Madrid's city park transformed into mass confessional
Madrid's central park, el Buen Retiro, has been become a magnet for sin.
Countless thousands of Roman Catholics celebrating World Youth Day are finding absolution for their sins at 200 temporary open-air white confessionals set up in the park in the shape of yachting sails.
Pope Benedict XVI himself will hear confession from some young penitents in the park on Saturday.
More than a million pilgrims from around the world have joined the pope in Madrid, a dramatic change for the city and its favourite park, usually in repose in August when locals flee the capital's heat.
Wearing their red, orange and yellow backpacks and World Youth Day T-shirts they traipse through the park listening to Christian rock groups, singing, cheering and waving their countries' flags.
And hundreds of priests and bishops hear confession at the booths, watched over by dozens of volunteers who ensure the curious do not stray so close as to hear the penitents.
Organisers of the August 16-21 celebration say confessions can be heard in 20 languages in what they have dubbed a "Festival of Forgiveness".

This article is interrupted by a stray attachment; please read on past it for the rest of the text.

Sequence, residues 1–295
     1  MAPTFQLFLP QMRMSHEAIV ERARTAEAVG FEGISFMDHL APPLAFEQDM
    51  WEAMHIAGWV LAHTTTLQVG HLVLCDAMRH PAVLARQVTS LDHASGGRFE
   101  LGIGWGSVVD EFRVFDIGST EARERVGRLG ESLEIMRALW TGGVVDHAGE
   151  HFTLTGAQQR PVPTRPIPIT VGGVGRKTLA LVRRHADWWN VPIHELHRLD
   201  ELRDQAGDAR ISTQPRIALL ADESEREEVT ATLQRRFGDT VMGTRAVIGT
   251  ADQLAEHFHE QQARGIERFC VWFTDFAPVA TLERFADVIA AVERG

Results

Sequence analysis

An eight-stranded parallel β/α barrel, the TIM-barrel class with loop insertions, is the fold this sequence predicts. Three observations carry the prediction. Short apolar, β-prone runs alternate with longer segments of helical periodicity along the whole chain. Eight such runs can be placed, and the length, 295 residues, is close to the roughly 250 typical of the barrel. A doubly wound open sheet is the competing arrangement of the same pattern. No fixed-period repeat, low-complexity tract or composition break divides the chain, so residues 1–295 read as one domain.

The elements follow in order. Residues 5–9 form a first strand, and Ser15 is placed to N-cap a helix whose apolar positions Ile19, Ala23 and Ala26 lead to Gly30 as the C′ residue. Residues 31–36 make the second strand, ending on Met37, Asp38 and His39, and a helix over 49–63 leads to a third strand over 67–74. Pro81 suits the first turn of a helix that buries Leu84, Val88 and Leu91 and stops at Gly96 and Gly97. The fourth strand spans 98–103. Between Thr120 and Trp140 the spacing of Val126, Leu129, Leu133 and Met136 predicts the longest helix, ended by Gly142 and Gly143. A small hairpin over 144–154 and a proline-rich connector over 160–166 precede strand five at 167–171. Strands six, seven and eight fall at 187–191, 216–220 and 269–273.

"It's very funny. I was with a priest who did not speak English but God understood me," said a pilgrim from Nambia, Linus, who declined to give his full name.
Priests sit on one side of the open-sided structures, separated by a plank of wood and a grille from the sinner kneeling on a built-in stool. A small cover shields both from the August sun.
"For me, it is a chance to confess in French. It's a first for me," said Sarah, a 24-year-old Italian who did not give her family name.
Even locals took the unique opportunity.
"It is great to be able to have all those priests available at the same time. It is a very special moment for me," said Mati Pellon, a mother of four children in Madrid.
World Youth Day organisers said on their website that the goal of having the confessionals is to help pilgrims "prepare for this great festival of Faith with the soul clean and the soul's speedometer at zero."
Some of the faithful dispense with the grille and speak directly to their priest.
For others, like Justin, one of 60 young Christians from Kansas City visiting Madrid for the festival, the big attraction is the anonymity.
"It is true that here you can have a conversation without fear of being judged. In Kansas City I know all the priests," he said, like many penitents preferring to keep his surname a secret.
One specially designed confessional allows pilgrims with hearing disabilities to confess with a priest using sign language.
Pierre Bourreau, an 18-year-old French pilgrim, said the confessional had other benefits, too. "It is a very good idea. It is like a psychiatrist, and it is free."
© 2011 AFP